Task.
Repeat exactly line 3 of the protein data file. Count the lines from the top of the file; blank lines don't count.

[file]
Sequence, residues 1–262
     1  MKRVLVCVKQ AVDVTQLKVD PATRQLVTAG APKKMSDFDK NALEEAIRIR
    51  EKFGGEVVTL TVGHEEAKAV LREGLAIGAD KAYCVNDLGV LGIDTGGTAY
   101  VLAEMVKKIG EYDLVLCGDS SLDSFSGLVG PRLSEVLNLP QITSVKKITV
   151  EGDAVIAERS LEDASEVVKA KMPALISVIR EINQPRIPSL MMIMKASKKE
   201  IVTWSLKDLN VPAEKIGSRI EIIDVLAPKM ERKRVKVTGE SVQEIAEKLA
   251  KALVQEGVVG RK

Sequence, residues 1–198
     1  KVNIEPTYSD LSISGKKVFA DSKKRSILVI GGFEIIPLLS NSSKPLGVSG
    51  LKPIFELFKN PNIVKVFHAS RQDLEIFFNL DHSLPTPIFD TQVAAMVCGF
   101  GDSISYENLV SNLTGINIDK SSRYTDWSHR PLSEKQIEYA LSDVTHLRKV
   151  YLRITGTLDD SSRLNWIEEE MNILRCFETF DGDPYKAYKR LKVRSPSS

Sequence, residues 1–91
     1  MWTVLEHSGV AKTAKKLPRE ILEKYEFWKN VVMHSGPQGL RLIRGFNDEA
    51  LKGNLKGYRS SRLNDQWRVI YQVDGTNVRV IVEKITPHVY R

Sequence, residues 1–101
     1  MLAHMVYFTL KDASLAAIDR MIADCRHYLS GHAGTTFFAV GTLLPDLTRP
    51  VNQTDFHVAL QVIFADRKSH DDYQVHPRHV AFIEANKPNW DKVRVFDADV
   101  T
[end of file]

    51  EKFGGEVVTL TVGHEEAKAV LREGLAIGAD KAYCVNDLGV LGIDTGGTAY